Message #3946

From: Joel Karlsson <>
Subject: POLL: Positive rotation convention
Date: Wed, 10 Jan 2018 21:33:17 +0100


While discussing notation (primarily) applicable to 4D-puzzles (including
the physical 2^4) with Marc, we encountered a decision of convention which
we could not decide ourselves. Therefore, I want to start a poll to gather
the community’s opinion.

The question is: should the positive direction of rotation of a cube or a
cell of a cube be clockwise or counterclockwise? The rotation is assumed to
be performed in 3D-space. With the "positive direction of rotation" I mean
the assumed direction of rotation around an axis if nothing else is
specified. Ox is a positive rotation and Ox’ is the opposite negative
rotation; which do you think should be a clockwise rotation and which
should be a counterclockwise rotation around the positive x-axis?

I’ll leave the arguments below. If you have an opinion or preference please
respond to this post with something like "I think that [insert your
preference here] should be the positive direction of rotation… [insert
arguments here if you wish]".

Best regards,

PS. I don’t know how long the poll should be open, we’ll see when the
reply-rate drops.
PPS. If everyone is fine with that, I’ll leave my vote as a casting vote in
the event of a tie.

*Clockwise (arguments)*
The speedsolvers’ convention: Regarding x versus x’ turns being clockwise,
we speedsolvers have read so many dozens (hundreds) of pages using our
notation that it is wired right into our brains. So, instead of our
criterion for the best notation being "what seems objectively reasonable,
in principle", our criterion is "what will not make our heads explode by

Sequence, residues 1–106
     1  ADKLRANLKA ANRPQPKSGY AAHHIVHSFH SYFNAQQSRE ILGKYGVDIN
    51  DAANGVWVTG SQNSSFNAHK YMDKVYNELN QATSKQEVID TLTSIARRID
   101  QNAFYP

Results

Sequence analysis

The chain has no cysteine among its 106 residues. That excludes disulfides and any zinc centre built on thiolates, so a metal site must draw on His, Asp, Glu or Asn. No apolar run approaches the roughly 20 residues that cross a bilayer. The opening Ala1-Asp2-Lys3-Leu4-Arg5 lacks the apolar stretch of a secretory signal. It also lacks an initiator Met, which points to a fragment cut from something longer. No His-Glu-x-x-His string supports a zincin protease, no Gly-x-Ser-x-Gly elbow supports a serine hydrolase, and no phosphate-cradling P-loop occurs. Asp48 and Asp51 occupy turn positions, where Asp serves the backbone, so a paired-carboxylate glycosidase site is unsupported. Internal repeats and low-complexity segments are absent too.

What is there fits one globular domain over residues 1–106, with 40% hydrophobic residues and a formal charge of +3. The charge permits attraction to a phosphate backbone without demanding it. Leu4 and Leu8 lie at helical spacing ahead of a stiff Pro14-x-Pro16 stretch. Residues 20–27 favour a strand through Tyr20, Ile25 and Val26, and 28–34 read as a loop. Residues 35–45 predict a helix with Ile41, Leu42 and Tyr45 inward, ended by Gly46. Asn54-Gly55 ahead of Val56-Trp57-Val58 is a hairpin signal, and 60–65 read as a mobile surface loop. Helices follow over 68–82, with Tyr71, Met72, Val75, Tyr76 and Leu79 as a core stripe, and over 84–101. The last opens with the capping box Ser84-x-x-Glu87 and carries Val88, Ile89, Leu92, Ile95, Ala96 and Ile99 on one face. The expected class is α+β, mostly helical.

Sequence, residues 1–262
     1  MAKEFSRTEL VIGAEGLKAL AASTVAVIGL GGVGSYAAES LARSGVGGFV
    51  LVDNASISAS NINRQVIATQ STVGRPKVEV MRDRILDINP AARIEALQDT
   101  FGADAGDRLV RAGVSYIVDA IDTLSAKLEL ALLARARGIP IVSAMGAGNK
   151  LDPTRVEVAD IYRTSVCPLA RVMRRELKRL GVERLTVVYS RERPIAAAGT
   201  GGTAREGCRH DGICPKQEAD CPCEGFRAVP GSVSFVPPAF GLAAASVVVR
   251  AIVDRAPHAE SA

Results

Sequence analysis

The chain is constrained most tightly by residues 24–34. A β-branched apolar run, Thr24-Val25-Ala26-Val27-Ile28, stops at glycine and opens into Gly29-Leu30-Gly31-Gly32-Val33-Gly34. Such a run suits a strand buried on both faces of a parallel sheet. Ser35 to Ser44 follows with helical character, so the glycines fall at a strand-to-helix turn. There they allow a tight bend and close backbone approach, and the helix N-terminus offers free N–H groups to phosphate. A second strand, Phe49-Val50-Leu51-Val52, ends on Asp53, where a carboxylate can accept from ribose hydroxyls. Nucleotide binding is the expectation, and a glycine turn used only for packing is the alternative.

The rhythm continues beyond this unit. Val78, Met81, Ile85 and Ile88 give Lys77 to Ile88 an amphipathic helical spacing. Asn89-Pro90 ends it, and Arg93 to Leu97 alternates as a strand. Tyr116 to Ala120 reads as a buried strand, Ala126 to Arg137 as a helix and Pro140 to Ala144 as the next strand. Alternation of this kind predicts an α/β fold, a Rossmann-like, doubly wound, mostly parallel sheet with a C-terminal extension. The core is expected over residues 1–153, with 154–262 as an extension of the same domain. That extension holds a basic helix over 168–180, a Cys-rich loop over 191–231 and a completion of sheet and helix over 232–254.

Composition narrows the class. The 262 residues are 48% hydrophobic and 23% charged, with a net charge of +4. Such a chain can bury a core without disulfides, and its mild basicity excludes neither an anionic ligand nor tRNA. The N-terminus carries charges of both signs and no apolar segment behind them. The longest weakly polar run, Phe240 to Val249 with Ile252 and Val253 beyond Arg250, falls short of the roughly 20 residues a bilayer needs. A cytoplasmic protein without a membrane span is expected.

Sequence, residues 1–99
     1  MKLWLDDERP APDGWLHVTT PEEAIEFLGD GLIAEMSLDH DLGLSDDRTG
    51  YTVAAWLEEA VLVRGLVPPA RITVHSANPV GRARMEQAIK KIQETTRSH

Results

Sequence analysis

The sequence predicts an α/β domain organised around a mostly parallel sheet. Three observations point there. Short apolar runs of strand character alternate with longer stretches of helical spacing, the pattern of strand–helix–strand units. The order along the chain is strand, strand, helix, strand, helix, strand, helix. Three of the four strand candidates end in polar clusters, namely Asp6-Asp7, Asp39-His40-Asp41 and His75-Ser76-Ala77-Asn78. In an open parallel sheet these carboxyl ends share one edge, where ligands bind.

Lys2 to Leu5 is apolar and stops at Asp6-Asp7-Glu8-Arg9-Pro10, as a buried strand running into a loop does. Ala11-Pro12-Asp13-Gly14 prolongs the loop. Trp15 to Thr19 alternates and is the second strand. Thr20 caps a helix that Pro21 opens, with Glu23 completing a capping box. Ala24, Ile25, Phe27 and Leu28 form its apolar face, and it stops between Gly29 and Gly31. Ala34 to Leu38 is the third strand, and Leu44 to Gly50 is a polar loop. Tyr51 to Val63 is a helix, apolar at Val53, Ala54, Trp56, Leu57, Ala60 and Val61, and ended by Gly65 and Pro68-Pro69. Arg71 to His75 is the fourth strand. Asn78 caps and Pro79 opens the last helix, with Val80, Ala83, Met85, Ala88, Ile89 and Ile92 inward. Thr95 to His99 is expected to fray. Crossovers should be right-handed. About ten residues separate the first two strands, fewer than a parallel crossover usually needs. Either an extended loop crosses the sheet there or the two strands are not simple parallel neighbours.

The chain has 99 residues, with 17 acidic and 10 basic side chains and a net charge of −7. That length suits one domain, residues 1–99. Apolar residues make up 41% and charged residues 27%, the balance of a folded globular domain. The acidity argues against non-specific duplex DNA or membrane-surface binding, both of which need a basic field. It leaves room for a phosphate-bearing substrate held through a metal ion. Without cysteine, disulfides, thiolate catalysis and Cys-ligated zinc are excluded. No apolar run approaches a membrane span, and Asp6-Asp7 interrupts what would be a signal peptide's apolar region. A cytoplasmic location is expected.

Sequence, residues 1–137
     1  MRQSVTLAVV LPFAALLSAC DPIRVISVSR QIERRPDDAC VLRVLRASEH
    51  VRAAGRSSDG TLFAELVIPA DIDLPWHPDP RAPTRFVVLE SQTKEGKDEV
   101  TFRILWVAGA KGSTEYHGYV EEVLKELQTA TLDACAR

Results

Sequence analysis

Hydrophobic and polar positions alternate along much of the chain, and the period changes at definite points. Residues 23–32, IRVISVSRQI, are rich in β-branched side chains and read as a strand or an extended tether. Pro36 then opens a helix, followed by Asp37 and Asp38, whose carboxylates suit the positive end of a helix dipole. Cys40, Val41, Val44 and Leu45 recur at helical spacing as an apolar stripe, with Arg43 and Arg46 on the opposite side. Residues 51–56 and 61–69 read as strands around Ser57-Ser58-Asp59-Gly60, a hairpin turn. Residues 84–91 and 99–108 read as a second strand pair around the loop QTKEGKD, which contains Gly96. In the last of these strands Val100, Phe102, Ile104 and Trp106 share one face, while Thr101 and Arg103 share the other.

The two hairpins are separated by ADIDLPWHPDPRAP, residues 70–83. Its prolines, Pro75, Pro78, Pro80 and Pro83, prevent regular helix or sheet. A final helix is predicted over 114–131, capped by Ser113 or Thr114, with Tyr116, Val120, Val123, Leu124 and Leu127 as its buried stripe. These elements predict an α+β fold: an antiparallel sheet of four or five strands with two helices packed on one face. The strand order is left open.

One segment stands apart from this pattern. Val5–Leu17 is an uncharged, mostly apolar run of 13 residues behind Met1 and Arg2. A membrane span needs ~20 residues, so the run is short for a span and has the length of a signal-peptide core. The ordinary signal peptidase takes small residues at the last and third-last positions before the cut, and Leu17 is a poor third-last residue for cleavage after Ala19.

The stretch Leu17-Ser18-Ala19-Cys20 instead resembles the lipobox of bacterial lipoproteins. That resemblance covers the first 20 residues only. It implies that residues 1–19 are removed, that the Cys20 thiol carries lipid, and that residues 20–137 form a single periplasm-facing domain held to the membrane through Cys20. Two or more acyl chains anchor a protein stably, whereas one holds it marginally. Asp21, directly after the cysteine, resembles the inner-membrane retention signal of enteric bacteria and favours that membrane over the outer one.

being the exact opposite of what we use daily in a very similar context."

As an example, here are a couple of typical pages from –
a page for a random beginner method, and one of the most commonly used
reference pages for the last stage of many people’s solves.


These pages use the notation as defined here,

and use x, y, and z to refer to clockwise turns of the entire cube around
the relevant axis.

My argument is not that the speedsolving community is our largest or most
important subcommunity, but that it is the group to which this decision
makes the biggest daily difference. If there’s a subcommunity of MC4D who
read lots of recipes in which "z" means a counterclockwise turn around the
z axis, then my argument will be invalid on its face. If not, then we’ll
have to decide whether there is a reasonableness argument that can override
the practical difficulties for speedsolvers in dealing with two opposite
conventions used so similarly.

*Counterclockwise (arguments)*
1) For a mathematician or a physicist, the positive direction of rotation
is, conventionally, counterclockwise. Always, when talking about rotations
in topics ranging from linear algebra to mechanics the axis of rotation is
defined in such a way that a rotation (of a positive number of degrees)
around that axis is a counterclockwise rotation.

2) It follows the right-hand rule. This is a simple rule which helps the
forgetful to remember in which direction to rotate; if your right thumb is
the axis of rotation the fingers curl in the direction of rotation.

3) It’s consistent with MC4D. A left click on a sticker in MC4D rotates the
cell counterclockwise around the axis pointing from the centre of the cell
through the specified sticker. This implies that Ux is performed by
left-clicking on the right sticker on the U-cell and the same goes for all
other twists. The axes (in the notation) can be thought of as specifying a
sticker on the cell (Fx’yz specifying the sticker (on the F cell) in the
negative x-direction (left), the positive y-direction (up) and the positive
z-direction (front)) and the twist is performed by simply left-clicking on
this sticker.

*A third option?*
No, I don’t have a third option but there is something which could
potentially be a game-changer. If an option to swap the behaviour of left-
and right-click would be available in MC4D the third argument for
counterclockwise would fail. This argument could then instead be used by
the clockwise camp since G already breaks the MC4D convention (the axis in
the G moves specify the direction in which the stickers should move and
ctrl+left-clicking on a cell in MC4D rotates the cube in the opposite
direction) and therefore, all moves (including G) would follow the MC4D
convention if clockwise is the positive direction of rotation and the
controls are swapped (or you prefer right-clicking to left-clicking).